March 25 2008
In a decision dated December 20 2007(1) the Supreme Court’s Second Civil Division clarified the conditions under which insurers must give notice to policyholders in the event of non-payment of a premium. The court held that the policyholder must be informed of the precise consequences of non-payment: suspension of coverage 30 days after service of formal notice to pay and of the insurer's intention to terminate the policy 10 days after the expiry of the 30-day period in case of non-payment. It added that it was not for the policyholder to enquire into the insurer’s intention.
Fétis had taken out a home insurance policy with Gan. On May 15 2002 the insurer gave Fétis notice to pay the premium, which was over two months overdue, and informed him that “failing payment, you risk having your coverage suspended 30 days after the date of dispatch of this notice and having the insurance contract terminated 10 days thereafter”.
On July 17 2002 the policyholder paid the outstanding premium. On September 16 2002 Fétis’s house was destroyed by fire. Taking the view that the policy was no longer in effect on the date of the loss, the insurer refused to pay the claim. The policyholder therefore sued the insurer to recover compensation for the loss.
The court of appeal found that the insurance contract had been duly terminated and consequently the insurer was not liable for compensation to the policyholder. The court held that the notice given by the insurer to the policyholder was sufficiently clear to warn the policyholder of the consequences of non-payment of the premium.
The Supreme Court quashed the appeal court judgment on the grounds that the wording of the notice was insufficiently clear to alert the policyholder to the precise consequences of failure to pay the premium in full and to the insurer's intention to terminate the insurance contract if payment was not effected within the statutory 30-day time limit. It added that it was not for the policyholder to enquire into the insurer’s intention.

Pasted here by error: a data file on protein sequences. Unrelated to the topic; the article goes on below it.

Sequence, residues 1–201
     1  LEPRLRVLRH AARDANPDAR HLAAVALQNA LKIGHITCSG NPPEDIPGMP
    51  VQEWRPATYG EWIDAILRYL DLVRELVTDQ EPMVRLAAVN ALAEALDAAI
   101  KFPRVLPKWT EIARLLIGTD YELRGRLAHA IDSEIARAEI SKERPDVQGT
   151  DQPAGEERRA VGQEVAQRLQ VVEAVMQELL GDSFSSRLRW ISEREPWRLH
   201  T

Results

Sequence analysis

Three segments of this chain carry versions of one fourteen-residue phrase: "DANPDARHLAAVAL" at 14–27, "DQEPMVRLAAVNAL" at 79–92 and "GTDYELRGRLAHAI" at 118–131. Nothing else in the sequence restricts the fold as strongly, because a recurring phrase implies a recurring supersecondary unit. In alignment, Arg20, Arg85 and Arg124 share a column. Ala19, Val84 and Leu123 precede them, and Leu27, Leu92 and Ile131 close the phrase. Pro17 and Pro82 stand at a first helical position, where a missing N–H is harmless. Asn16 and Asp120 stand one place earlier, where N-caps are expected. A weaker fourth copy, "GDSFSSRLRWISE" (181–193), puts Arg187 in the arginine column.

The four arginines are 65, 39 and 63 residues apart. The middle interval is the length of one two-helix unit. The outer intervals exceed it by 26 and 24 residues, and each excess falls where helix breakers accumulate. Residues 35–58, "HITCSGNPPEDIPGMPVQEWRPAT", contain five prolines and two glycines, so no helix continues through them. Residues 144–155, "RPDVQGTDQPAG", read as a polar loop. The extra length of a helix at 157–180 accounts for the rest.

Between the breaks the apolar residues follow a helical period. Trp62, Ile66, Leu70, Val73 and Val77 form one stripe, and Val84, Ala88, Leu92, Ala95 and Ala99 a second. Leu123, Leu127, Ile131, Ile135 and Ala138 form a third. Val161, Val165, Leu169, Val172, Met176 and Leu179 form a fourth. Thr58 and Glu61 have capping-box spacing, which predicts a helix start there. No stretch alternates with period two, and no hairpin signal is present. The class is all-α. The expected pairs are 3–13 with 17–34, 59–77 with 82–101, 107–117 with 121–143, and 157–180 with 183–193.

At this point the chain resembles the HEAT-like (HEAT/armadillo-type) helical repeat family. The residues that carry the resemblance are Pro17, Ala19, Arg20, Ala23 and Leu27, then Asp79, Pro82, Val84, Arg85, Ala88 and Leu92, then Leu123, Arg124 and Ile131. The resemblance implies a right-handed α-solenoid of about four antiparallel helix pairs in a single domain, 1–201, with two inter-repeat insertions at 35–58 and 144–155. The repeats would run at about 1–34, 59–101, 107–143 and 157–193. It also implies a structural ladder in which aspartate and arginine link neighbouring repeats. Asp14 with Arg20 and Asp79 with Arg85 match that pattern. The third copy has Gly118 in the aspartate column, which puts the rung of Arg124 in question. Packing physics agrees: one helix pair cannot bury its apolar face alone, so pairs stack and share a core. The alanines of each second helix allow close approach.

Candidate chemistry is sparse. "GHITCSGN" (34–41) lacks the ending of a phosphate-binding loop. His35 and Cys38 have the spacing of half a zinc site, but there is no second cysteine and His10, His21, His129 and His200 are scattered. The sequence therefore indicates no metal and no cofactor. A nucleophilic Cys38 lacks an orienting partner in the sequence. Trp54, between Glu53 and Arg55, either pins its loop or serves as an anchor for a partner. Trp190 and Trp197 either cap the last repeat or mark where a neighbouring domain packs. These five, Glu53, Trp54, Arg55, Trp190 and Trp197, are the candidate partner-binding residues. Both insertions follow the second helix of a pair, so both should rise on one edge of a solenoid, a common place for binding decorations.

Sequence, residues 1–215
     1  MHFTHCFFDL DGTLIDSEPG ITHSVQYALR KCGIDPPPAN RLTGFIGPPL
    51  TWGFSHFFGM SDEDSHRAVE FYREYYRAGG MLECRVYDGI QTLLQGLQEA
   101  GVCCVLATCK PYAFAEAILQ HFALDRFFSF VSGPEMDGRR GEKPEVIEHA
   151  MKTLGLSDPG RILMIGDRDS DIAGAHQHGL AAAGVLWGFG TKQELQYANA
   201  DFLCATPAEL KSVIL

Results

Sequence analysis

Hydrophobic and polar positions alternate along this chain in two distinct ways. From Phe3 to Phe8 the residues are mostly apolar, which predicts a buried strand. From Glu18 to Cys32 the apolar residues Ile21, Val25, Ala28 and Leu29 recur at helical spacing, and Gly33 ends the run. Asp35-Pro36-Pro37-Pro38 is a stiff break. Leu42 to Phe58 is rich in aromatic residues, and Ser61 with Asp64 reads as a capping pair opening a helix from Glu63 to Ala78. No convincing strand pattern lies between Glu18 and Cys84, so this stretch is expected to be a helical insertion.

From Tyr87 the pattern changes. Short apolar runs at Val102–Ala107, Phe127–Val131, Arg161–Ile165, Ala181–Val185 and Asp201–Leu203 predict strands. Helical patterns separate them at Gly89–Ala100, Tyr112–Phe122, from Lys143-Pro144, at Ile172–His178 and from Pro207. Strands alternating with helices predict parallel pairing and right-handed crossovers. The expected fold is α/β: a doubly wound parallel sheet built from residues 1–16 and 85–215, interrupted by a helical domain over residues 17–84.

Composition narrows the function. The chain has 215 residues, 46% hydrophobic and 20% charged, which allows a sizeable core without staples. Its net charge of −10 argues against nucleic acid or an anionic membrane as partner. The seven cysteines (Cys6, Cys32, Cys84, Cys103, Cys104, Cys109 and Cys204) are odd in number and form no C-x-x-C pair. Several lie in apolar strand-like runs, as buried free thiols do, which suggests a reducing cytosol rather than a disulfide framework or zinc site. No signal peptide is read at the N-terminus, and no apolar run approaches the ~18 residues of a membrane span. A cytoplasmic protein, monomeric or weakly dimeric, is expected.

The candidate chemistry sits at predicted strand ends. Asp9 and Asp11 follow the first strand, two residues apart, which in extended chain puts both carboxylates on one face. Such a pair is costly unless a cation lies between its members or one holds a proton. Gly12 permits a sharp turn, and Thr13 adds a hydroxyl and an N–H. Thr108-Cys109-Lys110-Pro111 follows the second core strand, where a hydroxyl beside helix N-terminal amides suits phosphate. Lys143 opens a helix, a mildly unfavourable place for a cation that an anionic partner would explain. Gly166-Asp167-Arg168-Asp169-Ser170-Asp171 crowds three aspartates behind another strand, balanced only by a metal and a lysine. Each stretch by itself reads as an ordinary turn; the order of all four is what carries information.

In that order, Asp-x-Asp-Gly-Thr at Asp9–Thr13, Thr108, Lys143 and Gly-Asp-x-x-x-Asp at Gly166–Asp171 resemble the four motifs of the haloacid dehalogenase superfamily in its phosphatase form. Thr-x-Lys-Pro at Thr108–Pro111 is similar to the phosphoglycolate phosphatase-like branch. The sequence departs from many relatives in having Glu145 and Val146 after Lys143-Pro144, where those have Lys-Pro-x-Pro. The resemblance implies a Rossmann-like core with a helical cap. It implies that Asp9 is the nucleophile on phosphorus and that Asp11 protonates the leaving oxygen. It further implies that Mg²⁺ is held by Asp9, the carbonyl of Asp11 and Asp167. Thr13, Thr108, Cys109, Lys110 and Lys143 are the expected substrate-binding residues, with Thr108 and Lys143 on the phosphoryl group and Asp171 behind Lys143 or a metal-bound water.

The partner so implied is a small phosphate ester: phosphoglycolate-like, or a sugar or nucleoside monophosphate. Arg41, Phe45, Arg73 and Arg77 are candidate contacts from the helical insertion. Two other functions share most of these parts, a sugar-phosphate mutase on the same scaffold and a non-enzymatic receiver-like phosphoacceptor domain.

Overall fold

Article L113-3 of the Insurance Code establishes the conditions under which insurers may suspend and subsequently terminate insurance contracts on which the premiums have not been paid in whole or in part:
“In the event of non-payment of a premium or a part of a premium within 10 days of its due date, and irrespective of the insurer’s right to sue for performance of the contract, the cover may be suspended only 30 days after the insured has been served with formal notice. The insurer shall be entitled to terminate the contract 10 days after expiry of the 30-day period.”
The notice must be given by registered letter with acknowledgment of receipt(2) and the 30-day period begins on the date of the letter’s dispatch.(3)
If a loss occurs during the 30 days preceding the suspension of coverage, the insurer is obligated to compensate the policyholder. If the termination procedure has been completed, the policy is terminated but the premium must still be paid. A policy duly terminated for non-payment of the premium is not reinstated by payment of the premium. The insurer's right to terminate may be waived only by words or deed that unambiguously shows the insurer's intention to waive it.(4) Acceptance of the premium’s payment after the policy has been terminated does not constitute a waiver of the insurer's right to invoke the policy’s termination, even if the insurer has issued a certificate of insurance.
Given the severity of the consequences of termination for non-payment, it is important to ensure not only that the insurance contract was duly terminated at the time of occurrence of a loss, but also to determine who bears the burden of proving that the contract was duly terminated.
This case reiterates that it is the insurer that bears the burden of proving that it gave proper notice and that the notice clearly stated the consequences of non-payment. Therefore, if the notice given by the insurer was ambiguous (eg, if termination of the policy seemed to be merely an option for the insurer), it will not be held to have been sufficiently precise. Furthermore, the insurer must make clear its intention to terminate the contract once the statutory 30-day period for payment has elapsed. It would therefore be prudent for the insurer to notify its intention to terminate the contract by sending the policyholder a letter to that effect 10 days after the expiry of the aforementioned period.
For further information on this topic please contact Carole Sportes at BOPS (SCP Bouckaert Ormen Passemard Sportes) by telephone (+33 1 70 37 39 00) or by fax (+33 1 70 37 39 01) or by email (firstname.lastname@example.org).
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